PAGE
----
South Africa

Details

  • Service: Advisory, Performance & Technology
  • Type: Press release, Survey report
  • Date: 2010/08/26

Double-dip recovery still on the radar 

The risks of a double-dip recovery following the global economic recession remain high despite optimism surrounding the strength and swiftness of the global economic return. These risks are compounded by the unevenness of the global recovery, structural inconsistencies in industrialised economies and a loss of momentum in key markets such as the US, the UK and Europe.

This was the view articulated by keynote speaker Nicky Weimar, a Nedbank senior economist, at the local launch of its most recent survey by KPMG. Improving financial performance in 2010 and beyond, elicited responses from over 157 South African entities and surveyed the strategies put in place by local businesses to pull themselves out of recessionary conditions.

 

“The risk of a global economic relapse sits at 20% to 40% over the next three to five years,” maintains Weimar. “Although relapses are rare and our GDP figures point to a recovery, the recovery hasn’t been as strong as we’d like to see yet. South Africa’s dependence on exports still places the country at risk given the roles played by the US, UK and Europe in that sector. The risk is there in the global economy.”

 

Although consumer demand has picked up because of stimulus packages in those developed markets, when the packages are stripped out of the equation, there remain questions about private sector momentum and real growth in the global economy, particularly with stagflation playing a significant role in the Japanese economy, with a very real likelihood the US might head in the same direction. The emergence of China as an emerging consumer market has also played a significant role in bringing stability to the global economy by picking up demand for commodities through the introduction of a US$600 billion infrastructure-heavy stimulus package.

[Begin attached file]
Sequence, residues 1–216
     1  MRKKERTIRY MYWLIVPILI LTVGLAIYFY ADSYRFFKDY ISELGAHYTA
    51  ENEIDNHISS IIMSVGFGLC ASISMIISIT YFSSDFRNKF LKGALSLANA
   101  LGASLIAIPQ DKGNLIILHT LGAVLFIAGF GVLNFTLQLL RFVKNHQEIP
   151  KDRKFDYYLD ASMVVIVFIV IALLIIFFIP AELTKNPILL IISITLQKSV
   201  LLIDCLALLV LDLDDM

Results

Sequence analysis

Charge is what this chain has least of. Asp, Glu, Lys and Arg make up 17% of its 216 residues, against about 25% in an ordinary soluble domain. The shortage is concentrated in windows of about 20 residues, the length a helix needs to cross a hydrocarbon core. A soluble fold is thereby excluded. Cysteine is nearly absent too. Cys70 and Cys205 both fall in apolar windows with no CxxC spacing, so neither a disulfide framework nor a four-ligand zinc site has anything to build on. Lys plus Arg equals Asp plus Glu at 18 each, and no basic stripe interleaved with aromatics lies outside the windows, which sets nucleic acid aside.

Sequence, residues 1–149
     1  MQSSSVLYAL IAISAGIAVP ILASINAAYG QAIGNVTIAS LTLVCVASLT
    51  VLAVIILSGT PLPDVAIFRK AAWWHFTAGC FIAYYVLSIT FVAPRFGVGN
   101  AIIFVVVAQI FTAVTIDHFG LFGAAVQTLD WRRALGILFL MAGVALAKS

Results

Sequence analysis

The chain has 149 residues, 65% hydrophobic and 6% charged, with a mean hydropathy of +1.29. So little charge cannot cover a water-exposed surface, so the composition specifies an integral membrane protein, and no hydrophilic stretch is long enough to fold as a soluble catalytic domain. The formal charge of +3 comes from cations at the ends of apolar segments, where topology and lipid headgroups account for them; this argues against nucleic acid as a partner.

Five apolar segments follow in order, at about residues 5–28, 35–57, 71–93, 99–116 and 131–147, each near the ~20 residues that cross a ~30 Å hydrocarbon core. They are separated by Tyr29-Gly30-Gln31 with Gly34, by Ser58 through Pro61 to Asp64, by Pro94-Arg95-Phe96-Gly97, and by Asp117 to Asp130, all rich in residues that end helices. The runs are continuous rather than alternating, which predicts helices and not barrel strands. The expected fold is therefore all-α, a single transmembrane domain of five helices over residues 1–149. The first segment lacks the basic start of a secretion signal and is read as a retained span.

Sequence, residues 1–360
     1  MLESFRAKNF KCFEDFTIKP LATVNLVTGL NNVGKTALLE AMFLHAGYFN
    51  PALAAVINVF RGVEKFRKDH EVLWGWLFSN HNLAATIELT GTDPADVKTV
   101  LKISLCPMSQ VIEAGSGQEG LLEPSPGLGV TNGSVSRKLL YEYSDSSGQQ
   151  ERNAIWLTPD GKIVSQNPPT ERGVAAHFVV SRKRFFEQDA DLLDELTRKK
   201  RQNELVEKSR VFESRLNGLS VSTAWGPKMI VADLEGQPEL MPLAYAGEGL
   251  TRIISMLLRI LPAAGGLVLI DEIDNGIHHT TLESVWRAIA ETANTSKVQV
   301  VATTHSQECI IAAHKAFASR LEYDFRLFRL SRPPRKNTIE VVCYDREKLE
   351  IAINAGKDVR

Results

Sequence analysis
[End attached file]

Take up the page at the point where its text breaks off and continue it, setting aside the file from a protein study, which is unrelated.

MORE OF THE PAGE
“This has had the twin effect of stimulating our mining and manufacturing sectors and enhancing business confidence to restock. This helped pull companies out of the retrenchment and cost-cutting phase. This in turn restored consumer confidence, which contributes 60% to the local economy.”

 

Also speaking at the launch of the survey, Therese Cilliers, Partner in Finance Transformation at KPMG, urged businesses to move away from solely focusing on managing costs to also consider investing in business growth. In addition, while businesses identified managing costs as a priority, only a small percentage of the sample were achieving set targets. “The survey found that while businesses had set themselves challenging targets for cost reduction, 83% of respondents achieve less than a quarter of their set targets, with 9% reporting that they have no idea what they have actually achieved. This is cause for concern as international businesses reported achieving nearly 60% of their set targets in a global survey conducted by KPMG International,” said Cilliers.

 

While most of the risk of the recovery lies in the industrialised world, a slow, carefully-managed recovery is most likely to pull the globe out of recessionary conditions, said Weimar. The biggest risk faced is deflation, where consumers are reluctant to spend a country into economic growth and will hold onto savings before injecting liquidity into the national economy, as is currently being experienced in Japan.

 

In addition, Weimar believes the South African government should focus more on creating the stable environment required to create employment, as opposed to pursuing the task of creating jobs itself. “Uncertainty around land reform, for example, is inhibiting farmers from making large capital investments. The private sector needs more certainty in the environment to create work.


“It’s going to be a subdued, slug-it-out period that we are likely to enter before we see a stable recovery,” said Weimar. “The risk of a double-dip recovery is, very simply, there.”

 

Access the full survey.